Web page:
were absorbed on activated carbon and analyzed with GC/MS. Results:Traces of
    acetaldehyde were detected in all examined EC solutions(0.081±0.042 μg/mL).
    Acetaldehyde was found in all EC vapors (0.153±0.116 μg/30 puffs), but at levels
    more than a thousand-fold lower than in tobacco smoke. Formaldehyde and acrolein
    were only found in vapors generated from glycerin-based solutions (0.116±0.022
    and0.110±0.190μg/30 puffs) and in tobacco smoke (12 and 32-fold higher levels,
    respectively).
    None of the examined VOCs were detected in the vapors, while all
    were found in tobacco smoke. Conclusions: In contrast to tobacco smoke, the
    vapors generated from ECs does not contain VOCs. Exposure to CCs from ECs is
    significantly reduced compared to tobacco smoke and may be attributable to the
    glycerin content in the nicotine refill solution.
    Thanks for posting this. It puts my mind at ease quite a bit. May be time to lower my vg a bit, though.

  5. #14
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    I am +4 allergic to formaldehyde (severe and instant reaction and tested for it) and have had problems with cosmetics, paneling (shopping for an RV in summer heat,) etc and have no problems with pg in vaping.
    Unhooked likes this.

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    The human body produces formaldehyde. It is carbon, hydrogen and oxygen.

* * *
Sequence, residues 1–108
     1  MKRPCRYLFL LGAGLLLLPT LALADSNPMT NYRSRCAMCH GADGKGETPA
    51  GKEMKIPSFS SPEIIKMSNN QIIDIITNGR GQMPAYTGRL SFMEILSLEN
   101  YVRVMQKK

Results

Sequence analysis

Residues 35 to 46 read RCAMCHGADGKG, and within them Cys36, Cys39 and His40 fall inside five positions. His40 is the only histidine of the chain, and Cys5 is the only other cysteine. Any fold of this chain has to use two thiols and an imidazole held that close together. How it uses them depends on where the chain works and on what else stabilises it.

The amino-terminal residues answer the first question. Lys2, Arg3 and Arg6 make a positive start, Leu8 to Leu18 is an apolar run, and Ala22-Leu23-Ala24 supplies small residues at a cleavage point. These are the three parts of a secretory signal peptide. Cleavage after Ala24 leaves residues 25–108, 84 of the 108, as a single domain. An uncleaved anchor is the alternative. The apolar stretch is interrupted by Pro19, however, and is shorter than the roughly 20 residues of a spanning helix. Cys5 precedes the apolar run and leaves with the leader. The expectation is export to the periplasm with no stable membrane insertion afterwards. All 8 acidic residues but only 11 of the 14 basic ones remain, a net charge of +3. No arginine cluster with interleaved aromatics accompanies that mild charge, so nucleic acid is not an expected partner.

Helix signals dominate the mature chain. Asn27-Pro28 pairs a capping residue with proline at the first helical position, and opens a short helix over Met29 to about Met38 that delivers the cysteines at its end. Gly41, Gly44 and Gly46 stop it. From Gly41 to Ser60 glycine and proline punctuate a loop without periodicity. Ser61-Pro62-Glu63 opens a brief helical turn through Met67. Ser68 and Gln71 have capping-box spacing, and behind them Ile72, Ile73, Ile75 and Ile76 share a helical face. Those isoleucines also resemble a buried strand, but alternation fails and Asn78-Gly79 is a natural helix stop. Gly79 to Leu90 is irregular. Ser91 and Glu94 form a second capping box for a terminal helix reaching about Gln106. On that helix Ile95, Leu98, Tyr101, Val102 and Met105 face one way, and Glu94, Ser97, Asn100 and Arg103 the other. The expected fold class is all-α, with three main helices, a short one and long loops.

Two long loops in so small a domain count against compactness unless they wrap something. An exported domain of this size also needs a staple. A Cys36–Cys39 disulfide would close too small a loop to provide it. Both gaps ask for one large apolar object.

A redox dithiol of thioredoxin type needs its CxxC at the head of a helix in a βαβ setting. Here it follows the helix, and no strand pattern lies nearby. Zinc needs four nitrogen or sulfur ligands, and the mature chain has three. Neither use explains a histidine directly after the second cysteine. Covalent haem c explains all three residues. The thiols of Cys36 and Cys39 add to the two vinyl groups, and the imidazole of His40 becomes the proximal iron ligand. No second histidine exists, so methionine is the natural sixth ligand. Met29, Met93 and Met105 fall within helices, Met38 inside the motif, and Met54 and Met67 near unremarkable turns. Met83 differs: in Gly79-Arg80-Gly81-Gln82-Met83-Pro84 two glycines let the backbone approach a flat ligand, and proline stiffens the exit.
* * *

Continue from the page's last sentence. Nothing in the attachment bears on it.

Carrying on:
I would like to see the tests run on the exhalation WITHOUT the vape as it is my understanding that you will detect it.

    Harpocrates Speaks: Demystifying Vaccine Ingredients - Formaldehyde

    What many people may not know is that our own bodies produce and use formaldehyde as a part of our normal metabolism (Final Report on Carcinogens Background Document for Formaldehyde[PDF], 2010). When we are exposed to methanol (e.g., via inhalation or ingestion of foods like citric fruits and juices, vegetables or fermented beverages), our bodies break it down into formaldehyde and other byproducts. Our bodies produce formaldehyde as a result of DNA demethylation (animportant process for controlling gene expression, e.g., in developing embryos) and other biological processes. It is such a regular part of human metabolism, that our normal, naturally produced blood concentrations are generally about 2-3μg of formaldehyde per gram of blood (or about 2.12-3.18μg/mL)*. And it is actually a pretty important chemical; our bodies use formaldehyde to form DNA and amino acids (Toxicological Profile for Formaldehyde [PDF],

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    As with most things, it's all a question of how much of the substance is there.
    ex: I'm not worried about the amounts of dihydrogen monoxide detected in e-cig vapor for example, as I know the concentrations found are not enough to cause harm.

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    Quote Originally Posted by pmos69 View Post
    As with most things, it's all a question of how much of the substance is there.
    ex: I'm not worried about the amounts of dihydrogen monoxide detected in e-cig vapor for example, as I know the concentrations found are not enough to cause harm.